How has the pandemic influenced our relationship with nature?
One of the first published studies to examine how the COVID-19 pandemic has impacted people’s relationship with nature finds that the people of Vermont have significantly increased the time they spend outdoors.
During a time when their leaders are encouraging them to stay at home and maintain physical distance, many people are returning to nature.
Researchers from the University of Vermont collected data from online surveys taken by over 3,200 Vermonters between May 3 and May 19, 2020 — a time when Governor Phil Scott had placed restrictions on businesses and social gatherings to lessen the impact of COVID-19 on the state.
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In the study, the respondents said they had increased participation in several outdoor activities during the pandemic, including:
walking -— up 70%
wildlife watching — up 64%
relaxing outside alone — up 58%
taking photos and creating art — up 54%
Of the 15 outdoor activities studied, the participants reported decreases in camping (48%) and relaxing outside with others (43%): two activities where it can be hard to maintain physical distance.
The researchers also asked the respondents how they thought being outside benefited them.
Nearly 60% of the participants experienced improved mental health and well-being after being outdoors, while 29% said they go outside for exercise.
Other things the participants valued about outdoor time included appreciating nature’s beauty (29%) and feeling a connection to something bigger than themselves (22%).
Dr. Rachelle Gould, the study’s senior author and an assistant professor at the Rubenstein School of Environment and Natural Resources at the University of Vermont, says:
“These data are like a treasure chest of the pandemic moment: a record of how people have been thinking about their relationship with the rest of the world in a time of great upheaval.”
Female respondents, who made up 63% of the participants, reported increased gardening, hiking, relaxing outdoors socially, relaxing alone outdoors, walking, and wildlife watching.
The fact that women reported increased activity across the six most common nature activities caught the researchers’ attention. They question whether women may be experiencing increased professional and household responsibilities during the pandemic and whether that makes them more likely than men to seek time outdoors as a stress reliever.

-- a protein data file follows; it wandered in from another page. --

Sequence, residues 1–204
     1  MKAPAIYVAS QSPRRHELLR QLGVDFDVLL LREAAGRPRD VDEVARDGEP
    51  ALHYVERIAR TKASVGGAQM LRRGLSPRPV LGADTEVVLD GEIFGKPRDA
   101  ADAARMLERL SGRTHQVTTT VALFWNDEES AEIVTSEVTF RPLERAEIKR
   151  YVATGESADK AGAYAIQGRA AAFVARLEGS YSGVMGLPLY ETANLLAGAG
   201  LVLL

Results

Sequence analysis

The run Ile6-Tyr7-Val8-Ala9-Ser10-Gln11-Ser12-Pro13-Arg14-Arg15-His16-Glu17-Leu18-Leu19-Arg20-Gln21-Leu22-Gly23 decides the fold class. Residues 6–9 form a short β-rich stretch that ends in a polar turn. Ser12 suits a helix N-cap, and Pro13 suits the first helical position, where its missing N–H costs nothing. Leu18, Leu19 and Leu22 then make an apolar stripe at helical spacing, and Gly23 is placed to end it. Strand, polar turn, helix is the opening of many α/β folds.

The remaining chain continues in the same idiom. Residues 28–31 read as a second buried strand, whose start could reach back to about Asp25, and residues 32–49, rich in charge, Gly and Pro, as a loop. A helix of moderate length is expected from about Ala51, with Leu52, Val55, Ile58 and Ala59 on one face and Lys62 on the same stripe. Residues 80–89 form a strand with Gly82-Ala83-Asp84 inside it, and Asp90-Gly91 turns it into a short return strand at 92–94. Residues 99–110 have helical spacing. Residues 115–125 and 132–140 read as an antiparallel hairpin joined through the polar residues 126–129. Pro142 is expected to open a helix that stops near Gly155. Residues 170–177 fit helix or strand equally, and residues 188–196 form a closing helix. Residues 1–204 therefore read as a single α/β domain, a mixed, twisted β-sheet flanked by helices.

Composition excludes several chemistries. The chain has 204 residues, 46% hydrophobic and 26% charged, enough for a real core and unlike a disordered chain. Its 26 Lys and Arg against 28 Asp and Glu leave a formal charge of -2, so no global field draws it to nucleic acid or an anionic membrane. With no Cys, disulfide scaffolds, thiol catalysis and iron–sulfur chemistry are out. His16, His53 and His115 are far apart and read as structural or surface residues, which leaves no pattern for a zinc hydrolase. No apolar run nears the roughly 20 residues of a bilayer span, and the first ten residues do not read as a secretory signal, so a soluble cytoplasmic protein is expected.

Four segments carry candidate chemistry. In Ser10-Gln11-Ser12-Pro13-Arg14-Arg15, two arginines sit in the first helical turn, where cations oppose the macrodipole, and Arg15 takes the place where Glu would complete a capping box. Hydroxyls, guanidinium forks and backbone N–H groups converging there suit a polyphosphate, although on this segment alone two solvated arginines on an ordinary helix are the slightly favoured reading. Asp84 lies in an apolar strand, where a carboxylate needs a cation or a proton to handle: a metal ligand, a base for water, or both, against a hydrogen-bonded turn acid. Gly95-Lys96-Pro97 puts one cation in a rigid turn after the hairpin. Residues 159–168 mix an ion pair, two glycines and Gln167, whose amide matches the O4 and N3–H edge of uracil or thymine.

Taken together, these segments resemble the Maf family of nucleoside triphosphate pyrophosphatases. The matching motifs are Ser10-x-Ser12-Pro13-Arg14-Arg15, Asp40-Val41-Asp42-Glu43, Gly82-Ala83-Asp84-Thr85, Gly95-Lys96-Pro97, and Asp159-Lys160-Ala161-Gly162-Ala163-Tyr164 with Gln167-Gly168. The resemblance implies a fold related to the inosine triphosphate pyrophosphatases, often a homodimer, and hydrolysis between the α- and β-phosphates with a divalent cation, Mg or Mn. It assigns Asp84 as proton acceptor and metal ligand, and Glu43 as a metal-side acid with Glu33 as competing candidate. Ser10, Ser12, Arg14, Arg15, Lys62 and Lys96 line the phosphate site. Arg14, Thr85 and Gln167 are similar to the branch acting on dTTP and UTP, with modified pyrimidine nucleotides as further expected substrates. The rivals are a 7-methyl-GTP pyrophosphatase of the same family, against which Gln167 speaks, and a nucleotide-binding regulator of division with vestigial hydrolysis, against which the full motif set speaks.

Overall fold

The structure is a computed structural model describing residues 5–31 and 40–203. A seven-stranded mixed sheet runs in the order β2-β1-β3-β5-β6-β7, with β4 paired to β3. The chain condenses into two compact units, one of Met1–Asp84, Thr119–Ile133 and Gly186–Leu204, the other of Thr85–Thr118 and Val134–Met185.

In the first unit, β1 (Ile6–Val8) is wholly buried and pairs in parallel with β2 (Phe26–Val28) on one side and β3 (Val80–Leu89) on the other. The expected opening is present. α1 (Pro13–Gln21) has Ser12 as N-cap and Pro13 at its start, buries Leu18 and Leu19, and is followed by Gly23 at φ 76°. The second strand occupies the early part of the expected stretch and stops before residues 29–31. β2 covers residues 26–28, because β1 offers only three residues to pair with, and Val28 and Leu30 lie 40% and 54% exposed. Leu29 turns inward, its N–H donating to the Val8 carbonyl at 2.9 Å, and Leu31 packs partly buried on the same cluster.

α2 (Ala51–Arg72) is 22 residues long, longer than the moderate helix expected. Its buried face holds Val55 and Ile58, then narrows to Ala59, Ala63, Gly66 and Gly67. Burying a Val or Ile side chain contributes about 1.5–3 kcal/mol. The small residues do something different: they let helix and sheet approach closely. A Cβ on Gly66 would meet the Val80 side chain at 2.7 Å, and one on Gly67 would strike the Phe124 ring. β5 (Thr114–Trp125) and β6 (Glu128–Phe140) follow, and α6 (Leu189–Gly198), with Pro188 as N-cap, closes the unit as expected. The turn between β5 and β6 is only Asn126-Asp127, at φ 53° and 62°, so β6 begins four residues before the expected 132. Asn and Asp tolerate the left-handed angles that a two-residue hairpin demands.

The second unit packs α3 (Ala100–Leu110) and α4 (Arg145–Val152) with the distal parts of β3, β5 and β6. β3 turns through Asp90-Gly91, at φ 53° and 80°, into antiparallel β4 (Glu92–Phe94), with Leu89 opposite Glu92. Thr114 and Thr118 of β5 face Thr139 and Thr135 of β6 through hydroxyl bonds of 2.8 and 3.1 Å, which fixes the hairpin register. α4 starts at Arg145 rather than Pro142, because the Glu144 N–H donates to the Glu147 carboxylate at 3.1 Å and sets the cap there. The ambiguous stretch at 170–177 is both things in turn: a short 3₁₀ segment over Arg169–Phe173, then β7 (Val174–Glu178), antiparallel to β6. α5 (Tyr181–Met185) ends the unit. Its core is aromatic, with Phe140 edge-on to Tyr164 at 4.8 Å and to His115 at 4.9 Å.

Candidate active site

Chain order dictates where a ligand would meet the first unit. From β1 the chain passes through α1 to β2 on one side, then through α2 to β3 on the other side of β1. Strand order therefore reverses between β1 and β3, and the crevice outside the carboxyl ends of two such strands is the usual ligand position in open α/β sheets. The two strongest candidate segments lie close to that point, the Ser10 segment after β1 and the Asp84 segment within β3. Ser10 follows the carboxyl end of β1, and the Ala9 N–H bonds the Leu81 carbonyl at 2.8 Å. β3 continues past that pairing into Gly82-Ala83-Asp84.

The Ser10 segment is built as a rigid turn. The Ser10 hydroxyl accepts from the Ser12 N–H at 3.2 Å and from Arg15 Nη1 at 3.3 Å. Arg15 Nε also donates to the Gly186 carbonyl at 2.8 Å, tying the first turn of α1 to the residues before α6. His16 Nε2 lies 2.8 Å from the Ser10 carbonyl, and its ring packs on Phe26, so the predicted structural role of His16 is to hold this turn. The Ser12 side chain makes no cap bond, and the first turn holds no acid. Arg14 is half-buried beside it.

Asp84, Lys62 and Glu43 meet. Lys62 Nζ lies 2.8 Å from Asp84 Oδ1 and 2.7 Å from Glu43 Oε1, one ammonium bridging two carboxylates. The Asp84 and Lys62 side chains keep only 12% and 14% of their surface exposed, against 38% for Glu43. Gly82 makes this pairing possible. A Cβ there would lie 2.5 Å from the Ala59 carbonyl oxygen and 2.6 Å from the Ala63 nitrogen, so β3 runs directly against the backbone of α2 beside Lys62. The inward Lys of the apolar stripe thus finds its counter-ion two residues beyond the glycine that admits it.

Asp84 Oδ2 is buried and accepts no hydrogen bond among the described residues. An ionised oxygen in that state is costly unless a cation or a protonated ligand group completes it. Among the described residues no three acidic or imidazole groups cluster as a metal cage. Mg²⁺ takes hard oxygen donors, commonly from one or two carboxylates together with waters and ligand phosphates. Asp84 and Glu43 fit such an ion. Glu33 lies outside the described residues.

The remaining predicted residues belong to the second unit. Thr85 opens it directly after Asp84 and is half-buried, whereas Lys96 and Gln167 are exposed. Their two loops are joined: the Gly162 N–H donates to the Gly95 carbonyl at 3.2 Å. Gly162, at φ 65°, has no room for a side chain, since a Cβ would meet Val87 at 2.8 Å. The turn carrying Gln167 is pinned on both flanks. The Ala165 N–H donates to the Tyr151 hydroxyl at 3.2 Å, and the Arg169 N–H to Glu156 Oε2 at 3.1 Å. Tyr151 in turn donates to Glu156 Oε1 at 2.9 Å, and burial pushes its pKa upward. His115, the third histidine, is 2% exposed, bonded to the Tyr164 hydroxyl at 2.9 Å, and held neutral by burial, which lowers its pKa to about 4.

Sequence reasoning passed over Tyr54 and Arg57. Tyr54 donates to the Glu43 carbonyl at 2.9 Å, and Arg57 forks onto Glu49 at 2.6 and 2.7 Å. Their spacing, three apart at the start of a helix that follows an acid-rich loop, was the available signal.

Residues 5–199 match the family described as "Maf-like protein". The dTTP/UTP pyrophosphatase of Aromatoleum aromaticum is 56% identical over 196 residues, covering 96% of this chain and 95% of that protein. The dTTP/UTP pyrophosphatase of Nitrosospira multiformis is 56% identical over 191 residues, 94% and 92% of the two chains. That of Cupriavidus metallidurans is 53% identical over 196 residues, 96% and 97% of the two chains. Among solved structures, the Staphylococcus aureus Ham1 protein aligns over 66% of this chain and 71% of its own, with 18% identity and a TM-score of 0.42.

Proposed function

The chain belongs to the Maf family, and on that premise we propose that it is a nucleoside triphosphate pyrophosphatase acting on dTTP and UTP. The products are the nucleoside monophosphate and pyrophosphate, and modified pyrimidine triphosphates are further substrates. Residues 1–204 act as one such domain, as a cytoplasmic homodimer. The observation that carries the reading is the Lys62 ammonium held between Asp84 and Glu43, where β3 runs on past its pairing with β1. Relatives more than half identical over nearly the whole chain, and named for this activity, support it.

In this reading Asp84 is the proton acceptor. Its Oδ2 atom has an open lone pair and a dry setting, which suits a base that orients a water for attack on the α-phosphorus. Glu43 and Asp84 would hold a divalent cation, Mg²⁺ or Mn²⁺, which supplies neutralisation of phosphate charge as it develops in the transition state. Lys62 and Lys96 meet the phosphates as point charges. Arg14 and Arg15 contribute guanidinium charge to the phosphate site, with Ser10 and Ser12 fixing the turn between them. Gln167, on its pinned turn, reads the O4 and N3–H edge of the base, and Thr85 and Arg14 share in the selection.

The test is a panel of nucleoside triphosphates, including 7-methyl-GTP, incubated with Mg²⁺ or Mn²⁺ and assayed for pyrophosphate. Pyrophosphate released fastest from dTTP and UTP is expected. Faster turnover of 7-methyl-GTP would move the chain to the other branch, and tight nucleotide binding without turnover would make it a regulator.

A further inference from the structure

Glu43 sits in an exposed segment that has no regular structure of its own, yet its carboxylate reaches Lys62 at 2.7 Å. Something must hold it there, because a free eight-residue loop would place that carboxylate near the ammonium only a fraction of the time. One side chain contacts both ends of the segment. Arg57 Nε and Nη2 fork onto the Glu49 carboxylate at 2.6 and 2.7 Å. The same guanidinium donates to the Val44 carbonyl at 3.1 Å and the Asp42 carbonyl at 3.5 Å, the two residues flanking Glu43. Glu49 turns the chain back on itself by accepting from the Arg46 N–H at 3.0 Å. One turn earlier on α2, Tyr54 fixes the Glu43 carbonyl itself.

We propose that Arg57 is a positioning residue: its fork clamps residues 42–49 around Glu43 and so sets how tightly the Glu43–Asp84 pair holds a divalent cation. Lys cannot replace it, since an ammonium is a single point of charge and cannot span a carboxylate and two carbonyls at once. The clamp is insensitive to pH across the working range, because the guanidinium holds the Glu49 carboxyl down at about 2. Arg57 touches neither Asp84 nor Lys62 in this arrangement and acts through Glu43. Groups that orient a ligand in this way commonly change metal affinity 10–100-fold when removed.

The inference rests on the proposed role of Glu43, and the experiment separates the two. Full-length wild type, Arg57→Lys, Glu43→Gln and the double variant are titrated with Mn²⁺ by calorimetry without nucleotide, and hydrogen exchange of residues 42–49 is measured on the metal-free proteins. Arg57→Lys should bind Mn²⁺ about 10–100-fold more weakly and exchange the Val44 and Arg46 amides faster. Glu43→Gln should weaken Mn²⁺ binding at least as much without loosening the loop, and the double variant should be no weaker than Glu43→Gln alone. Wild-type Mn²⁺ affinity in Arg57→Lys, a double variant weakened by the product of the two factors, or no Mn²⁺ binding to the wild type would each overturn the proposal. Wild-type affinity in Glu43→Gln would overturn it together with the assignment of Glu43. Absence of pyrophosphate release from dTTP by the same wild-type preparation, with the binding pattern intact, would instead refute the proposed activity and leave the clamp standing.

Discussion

“More research is needed, but our preliminary analysis suggests that, during the pandemic, women are more likely than men to report increased importance of values that include mental well-being, beauty, exercise, familiarity with landscape, and fun,” says Dr. Gould.
“Our next step is to analyze the qualitative data to explore this result more fully,” she says.
Study respondents who lost their jobs during the pandemic had a higher likelihood of reporting increased gardening, relaxing outdoors socially, walking, and watching wildlife.
“This suggests that COVID-19 is overturning the idea that nature and its benefits — from stress reduction to social connection — are becoming ‘luxury goods,’” says Diana Hackenburg, a Ph.D. candidate at the Rubenstein School and a Gund Graduate Fellow.
The researchers caution that these results cannot be generalized beyond predominantly rural areas in the Northeastern United States.
Also, the results might not be representative of the general population. For instance, 92% of the participants were white.
Also, 48% of the participants lived in rural areas, 26% in urban clusters, and 26% in urban areas. The average age was 54.7, and the median reported household income was between $75,000 and $99,999.
Since all participants were from Vermont, the respondents were a more homogenous group than if the survey had been conducted in other U.S. locations, researchers say.
Researchers also note that advertisements recruiting survey participants appeared on a community listserv and on the social media sites of environmental and social-service organizations.
They caution this approach could have resulted in study participants who are more likely to use nature to cope with the stress of the pandemic than the general population.
Already, the University of Vermont research team has conducted a follow-up survey with the original respondents to better understand long-term impacts of the pandemic on their relationship with nature.
Their hope, researchers say, is that their work may lead to decision makers removing barriers to nature access during the pandemic.
“This study is a timely snapshot of the central role nature plays in our well-being and how important access to nature is during challenging, uncertain times, like this pandemic,” says another of the authors, Tatiana Gladkikh, a Gund Graduate Fellow and a Ph.D. candidate at the Rubenstein School.
She adds, “I hope the results help inform future land management decisions.”
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